Raw gets blitzed by NFL
You know those “Did you know” graphics that WWE was running coming out of commercial breaks about Raw having higher ratings than Monday Night Football during the preseason? Well, don’t expect to see how the show fared against the NFL last night being trumpeted on next week’s Raw.
Raw’s rating fell to an alarmingly low 2.6, according to pwinsider.com. The Dallas Cowboys-Philadelphia Eagles game did a 13.3, the highest rating in the history of cable television.
There’s no doubt that the NFL game cut into Raw’s numbers. The question is how much. The Cowboys are probably the NFL’s biggest draw, and the Eagles also are a high-profile team. And Raw’s ratings traditionally take a hit during football season. Still, dropping this low has to send shockwaves through Titan Towers. It will be very interesting to see if next Monday’s game – the New York Jets vs. the San Diego Chargers – has a similar effect. New York is a big market and Bret Favre playing for a new team also has appeal.
The disturbing thing for WWE is that, in my opinion, Monday’s show was pretty good. The Shawn Michaels-Chris Jericho story line has been especially well received by wrestling fans, but apparently casual viewers don’t find it compelling enough to become more than casual viewers. I’m sure there are some people behind the scenes in WWE who will claim that the ratings indicate Jericho’s world heavyweight title reign is a flop, but I think that would be oversimplifying things.
I have seen some wrestling pundits state that the declining ratings should be a wake-up call to Vince McMahon that his creative process is flawed. Obviously, fewer people are watching the product, but is that really a reflection that the content isn’t good? Again, I think that is an oversimplification, especially because I feel the content is good. Some will argue that it’s a copout to say that the wrestling business is cyclical and it’s just in a downturn, but I do think there is something to that.
I also believe the audience has been splintered due to the fact that viewers have so many options on TV now. Plus, let’s face it, wrestling is not the “cool thing” like it was a decade ago. The growing popularity of UFC has impacted wrestling, too. I have no idea what the actual percentage is of wrestling fans who have abandoned the genre for mixed martial arts, but I do have friends and acquaintances who have done exactly that.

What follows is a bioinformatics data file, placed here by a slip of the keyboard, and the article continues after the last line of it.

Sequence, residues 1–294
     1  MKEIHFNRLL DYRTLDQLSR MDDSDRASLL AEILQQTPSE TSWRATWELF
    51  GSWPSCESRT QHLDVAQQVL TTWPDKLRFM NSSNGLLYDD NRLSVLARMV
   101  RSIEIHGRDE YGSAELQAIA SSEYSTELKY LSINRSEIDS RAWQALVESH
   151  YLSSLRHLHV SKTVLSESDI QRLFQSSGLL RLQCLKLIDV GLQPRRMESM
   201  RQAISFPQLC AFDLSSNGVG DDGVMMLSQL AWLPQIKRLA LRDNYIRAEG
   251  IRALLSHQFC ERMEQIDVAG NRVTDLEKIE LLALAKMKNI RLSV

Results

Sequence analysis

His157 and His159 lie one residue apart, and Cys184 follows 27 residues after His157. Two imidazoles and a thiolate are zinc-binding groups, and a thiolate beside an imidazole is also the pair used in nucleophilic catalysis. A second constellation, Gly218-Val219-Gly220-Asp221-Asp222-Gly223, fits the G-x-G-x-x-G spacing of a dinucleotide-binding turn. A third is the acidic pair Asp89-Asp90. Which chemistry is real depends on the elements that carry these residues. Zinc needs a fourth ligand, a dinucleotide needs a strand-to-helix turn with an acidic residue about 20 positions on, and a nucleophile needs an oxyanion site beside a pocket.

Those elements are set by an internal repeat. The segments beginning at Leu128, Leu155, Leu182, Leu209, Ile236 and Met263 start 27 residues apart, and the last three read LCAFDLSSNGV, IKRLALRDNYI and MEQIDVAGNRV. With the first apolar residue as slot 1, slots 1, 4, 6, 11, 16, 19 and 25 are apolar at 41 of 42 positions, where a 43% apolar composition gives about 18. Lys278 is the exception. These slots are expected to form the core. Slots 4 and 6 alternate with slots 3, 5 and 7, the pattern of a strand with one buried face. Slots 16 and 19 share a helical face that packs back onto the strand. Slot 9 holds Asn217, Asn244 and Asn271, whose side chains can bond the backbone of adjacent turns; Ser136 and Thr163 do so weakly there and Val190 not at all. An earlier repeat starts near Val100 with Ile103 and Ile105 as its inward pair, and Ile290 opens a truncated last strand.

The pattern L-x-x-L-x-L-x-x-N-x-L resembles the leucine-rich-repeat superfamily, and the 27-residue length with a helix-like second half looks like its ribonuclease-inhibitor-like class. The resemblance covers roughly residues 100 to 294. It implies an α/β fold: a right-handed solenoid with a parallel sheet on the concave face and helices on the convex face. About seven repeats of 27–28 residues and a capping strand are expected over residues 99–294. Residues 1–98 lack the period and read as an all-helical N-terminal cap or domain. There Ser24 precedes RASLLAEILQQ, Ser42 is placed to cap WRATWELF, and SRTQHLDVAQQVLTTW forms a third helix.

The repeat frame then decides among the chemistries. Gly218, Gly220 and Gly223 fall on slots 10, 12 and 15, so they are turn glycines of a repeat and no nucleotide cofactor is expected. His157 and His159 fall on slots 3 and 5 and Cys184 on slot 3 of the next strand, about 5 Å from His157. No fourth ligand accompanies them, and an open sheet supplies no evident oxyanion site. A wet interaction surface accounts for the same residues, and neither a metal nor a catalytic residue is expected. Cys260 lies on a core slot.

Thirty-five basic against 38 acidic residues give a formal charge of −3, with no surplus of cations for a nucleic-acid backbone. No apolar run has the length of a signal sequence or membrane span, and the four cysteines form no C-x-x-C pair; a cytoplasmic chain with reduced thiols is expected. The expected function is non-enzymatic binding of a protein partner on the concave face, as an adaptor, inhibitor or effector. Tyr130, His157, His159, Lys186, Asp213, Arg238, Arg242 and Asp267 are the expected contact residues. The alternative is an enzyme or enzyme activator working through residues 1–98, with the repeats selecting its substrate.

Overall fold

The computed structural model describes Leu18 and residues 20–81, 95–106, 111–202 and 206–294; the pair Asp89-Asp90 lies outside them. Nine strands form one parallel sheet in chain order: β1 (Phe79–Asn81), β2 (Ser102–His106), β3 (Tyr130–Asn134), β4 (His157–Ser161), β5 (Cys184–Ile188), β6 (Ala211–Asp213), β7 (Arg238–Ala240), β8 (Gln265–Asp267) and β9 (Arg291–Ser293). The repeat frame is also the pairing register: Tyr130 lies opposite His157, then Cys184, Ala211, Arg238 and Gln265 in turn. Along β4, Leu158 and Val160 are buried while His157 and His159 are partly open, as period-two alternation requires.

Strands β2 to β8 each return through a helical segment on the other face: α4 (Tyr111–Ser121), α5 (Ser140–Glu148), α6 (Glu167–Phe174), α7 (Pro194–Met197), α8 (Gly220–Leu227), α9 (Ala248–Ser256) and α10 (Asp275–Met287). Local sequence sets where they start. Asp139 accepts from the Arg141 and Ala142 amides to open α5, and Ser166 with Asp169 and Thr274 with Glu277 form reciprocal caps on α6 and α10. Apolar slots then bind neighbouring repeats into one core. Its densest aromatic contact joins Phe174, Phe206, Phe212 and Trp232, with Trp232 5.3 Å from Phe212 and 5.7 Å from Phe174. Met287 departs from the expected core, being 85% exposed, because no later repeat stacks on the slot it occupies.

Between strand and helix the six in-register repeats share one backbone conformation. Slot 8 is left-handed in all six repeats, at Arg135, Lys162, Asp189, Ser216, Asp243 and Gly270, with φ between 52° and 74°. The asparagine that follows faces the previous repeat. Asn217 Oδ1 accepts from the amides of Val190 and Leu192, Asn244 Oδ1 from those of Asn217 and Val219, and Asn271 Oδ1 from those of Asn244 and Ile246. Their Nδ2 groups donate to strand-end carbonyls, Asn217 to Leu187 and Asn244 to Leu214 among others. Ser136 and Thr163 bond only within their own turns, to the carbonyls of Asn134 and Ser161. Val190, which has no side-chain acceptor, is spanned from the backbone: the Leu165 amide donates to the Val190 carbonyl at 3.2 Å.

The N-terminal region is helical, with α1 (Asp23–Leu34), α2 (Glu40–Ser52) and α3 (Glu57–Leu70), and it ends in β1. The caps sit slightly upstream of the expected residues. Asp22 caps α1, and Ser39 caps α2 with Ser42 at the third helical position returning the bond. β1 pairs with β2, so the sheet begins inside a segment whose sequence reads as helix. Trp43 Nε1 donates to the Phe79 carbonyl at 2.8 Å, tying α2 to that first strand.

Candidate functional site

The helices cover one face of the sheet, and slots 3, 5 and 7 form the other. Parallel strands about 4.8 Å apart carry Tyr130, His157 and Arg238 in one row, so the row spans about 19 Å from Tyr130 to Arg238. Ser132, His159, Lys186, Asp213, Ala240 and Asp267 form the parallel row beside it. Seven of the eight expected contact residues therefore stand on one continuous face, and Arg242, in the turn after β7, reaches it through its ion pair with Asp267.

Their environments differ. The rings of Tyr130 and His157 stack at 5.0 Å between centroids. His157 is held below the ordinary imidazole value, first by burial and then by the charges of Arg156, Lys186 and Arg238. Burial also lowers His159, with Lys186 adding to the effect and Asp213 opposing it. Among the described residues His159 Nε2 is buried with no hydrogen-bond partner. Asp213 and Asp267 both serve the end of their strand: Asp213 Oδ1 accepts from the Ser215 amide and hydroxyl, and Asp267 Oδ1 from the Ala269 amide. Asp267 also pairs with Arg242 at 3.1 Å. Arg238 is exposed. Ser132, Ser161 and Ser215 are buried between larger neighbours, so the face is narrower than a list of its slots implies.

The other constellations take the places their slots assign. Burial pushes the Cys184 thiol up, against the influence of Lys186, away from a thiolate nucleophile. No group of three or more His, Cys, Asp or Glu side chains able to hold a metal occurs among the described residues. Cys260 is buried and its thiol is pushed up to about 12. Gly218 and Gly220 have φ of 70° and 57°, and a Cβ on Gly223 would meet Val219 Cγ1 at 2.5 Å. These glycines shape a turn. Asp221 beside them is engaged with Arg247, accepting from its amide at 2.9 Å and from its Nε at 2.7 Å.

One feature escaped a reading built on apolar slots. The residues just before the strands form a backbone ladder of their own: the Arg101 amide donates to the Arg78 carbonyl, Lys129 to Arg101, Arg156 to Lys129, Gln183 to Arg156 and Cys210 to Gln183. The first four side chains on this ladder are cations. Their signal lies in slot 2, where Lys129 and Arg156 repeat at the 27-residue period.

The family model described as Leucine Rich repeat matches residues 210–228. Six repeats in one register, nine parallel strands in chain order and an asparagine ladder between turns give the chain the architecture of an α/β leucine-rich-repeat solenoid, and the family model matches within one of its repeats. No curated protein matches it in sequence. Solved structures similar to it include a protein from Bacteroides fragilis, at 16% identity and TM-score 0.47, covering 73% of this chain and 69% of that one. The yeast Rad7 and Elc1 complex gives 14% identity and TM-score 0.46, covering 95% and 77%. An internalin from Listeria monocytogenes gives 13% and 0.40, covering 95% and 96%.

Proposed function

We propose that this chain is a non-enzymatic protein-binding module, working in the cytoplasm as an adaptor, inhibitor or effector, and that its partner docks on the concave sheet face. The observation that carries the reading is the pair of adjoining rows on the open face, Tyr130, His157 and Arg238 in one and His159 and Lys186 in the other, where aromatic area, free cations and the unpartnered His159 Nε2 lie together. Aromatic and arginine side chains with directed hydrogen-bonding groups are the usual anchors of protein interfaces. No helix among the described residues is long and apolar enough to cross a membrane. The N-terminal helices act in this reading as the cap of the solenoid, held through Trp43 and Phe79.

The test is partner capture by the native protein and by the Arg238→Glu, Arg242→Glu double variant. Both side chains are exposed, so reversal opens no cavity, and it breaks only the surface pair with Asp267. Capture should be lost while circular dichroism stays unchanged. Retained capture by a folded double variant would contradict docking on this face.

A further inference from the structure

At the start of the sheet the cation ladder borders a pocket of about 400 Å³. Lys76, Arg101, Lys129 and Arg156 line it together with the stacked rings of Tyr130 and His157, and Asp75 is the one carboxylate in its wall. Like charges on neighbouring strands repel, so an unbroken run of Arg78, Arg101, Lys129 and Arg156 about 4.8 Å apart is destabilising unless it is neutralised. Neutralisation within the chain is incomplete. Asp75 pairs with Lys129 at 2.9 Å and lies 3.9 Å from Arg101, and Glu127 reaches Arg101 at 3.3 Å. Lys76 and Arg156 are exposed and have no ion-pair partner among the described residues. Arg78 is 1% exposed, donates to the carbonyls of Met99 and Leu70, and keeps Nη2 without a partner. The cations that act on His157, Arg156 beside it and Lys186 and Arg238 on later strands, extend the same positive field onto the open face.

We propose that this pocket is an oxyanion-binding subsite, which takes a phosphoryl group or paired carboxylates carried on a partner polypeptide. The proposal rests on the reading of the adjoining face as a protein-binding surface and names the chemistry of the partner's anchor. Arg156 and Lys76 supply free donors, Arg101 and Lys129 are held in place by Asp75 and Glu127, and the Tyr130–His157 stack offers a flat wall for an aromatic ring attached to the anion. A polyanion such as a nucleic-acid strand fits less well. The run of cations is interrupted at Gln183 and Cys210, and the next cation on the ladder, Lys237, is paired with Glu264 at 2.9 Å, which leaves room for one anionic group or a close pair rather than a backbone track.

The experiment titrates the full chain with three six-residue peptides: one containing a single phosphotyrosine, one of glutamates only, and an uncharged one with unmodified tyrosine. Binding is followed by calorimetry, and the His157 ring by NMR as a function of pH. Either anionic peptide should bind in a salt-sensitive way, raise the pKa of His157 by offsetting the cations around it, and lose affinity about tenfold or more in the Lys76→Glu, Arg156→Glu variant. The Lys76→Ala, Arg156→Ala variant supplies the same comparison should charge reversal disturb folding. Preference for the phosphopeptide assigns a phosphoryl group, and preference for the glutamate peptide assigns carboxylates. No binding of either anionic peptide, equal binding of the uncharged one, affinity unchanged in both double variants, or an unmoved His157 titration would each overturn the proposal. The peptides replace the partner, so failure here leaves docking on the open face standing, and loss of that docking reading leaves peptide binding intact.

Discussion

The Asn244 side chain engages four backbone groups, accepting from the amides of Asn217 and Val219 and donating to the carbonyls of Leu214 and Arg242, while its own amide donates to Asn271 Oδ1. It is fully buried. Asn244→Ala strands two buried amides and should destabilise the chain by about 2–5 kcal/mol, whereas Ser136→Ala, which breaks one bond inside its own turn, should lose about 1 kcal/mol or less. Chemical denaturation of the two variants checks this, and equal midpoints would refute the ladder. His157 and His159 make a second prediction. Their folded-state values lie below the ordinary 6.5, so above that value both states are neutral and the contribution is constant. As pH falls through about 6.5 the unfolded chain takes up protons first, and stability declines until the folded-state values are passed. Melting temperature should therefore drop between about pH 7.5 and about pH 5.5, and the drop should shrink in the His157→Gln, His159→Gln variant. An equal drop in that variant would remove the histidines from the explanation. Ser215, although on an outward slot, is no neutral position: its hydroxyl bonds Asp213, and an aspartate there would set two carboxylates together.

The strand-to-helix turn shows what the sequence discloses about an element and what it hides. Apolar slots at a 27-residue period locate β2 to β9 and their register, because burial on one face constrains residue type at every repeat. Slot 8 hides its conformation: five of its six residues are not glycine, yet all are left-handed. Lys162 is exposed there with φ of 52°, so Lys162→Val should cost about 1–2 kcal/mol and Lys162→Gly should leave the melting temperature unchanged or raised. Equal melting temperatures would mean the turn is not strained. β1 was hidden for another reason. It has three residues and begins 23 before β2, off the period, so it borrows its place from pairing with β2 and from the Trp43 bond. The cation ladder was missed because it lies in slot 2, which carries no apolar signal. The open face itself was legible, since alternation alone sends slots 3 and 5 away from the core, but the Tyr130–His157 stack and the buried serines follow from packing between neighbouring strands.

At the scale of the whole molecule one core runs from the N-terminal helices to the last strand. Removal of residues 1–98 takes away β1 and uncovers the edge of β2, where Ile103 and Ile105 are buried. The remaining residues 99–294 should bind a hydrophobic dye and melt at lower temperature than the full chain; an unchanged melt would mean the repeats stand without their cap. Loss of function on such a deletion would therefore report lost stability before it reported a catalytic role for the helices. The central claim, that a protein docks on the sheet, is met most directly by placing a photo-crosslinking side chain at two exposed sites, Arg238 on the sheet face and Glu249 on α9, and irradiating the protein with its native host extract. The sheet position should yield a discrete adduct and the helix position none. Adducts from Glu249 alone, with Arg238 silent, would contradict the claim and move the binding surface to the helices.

I think another big factor is the lack of a larger-than-life superstar. During the boom in the 1980s, Hulk Hogan was that guy. Everyone knew who he was. In the late ’90s and early part of this decade, it was Steve Austin and The Rock who crossed over into the mainstream. No disrespect to any of the current talent, but there is no one at that level right now. The closest one is John Cena.
When ratings have dipped in the past, WWE has taken drastic measures to shake things up. I’m just not sure that another “Who killed Vince McMahon”-type story line or publicity stunts such as McMahon’s Million Dollar Mania are the answer. Recent history shows that going that route spikes ratings in the short term, but it’s not a long-term solution. Unfortunately, I don’t know what the solution is or even if there is one.
And as I have said in the past, it’s important to keep in mind that ratings are but one aspect of the wrestling business. WWE’s bottom line is quite healthy. It was just six months ago that more than 74,000 people attended WrestleMania XXIV and the show did 1.2 million pay-per-view buys.
A few more thoughts on last night’s Raw:
I forgot to mention the debut of Dolph Ziggler in this morning’s post. The new character is being played by Nick Nemeth, who formerly was Spirit Squad member Nicky. Now sporting longer, bleached-blonde hair, he looks like a cross between a young Chic Donovan (longtime fans probably remember him as a jobber to the stars in Georgia Championship Wrestling a couple decades ago) and a Dynamic Dudes-era Shane Douglas.
Ziggler ––whose character might be a takeoff on Dirk Diggler from Boogie Nights –– appeared in a few scenes, as he went up to various people backstage and shook their hand. I’m not sure what the point was, but I’m speculating that it might be a spoof of locker room etiquette. It is customary for people that are new to introduce themselves to everyone and shake hands, and those who fail to do so will have major heat On wwe.com, there is a video of Ziggler introducing himself to JBL during a commercial break while JBL was on his sit-down strike in the ring. The look on JBL’s face when Ziggler offered his hand was priceless. …
Candice Michelle has been getting a lot of criticism from fans for her subpar in-ring performances since returning from injury. I agree that she hasn’t looked good, but I will cut her some slack for now. She did suffer a broken clavicle and then had a setback during her recovery, so there is bound to be some ring rust. Before getting hurt, she had improved a lot from when she started.
I also saw where some are unhappy that Michelle’s push has come at the expense of Mickie James. I like James as much as anyone, but I don’t see it that way. Michelle versus Beth Phoenix is a natural feud considering the fact that Michelle suffered her injury against Phoenix. And I don’t think James is going to continue to be an afterthought. James and Phoenix had wrestled a bunch of times and it was time for some fresh matchups.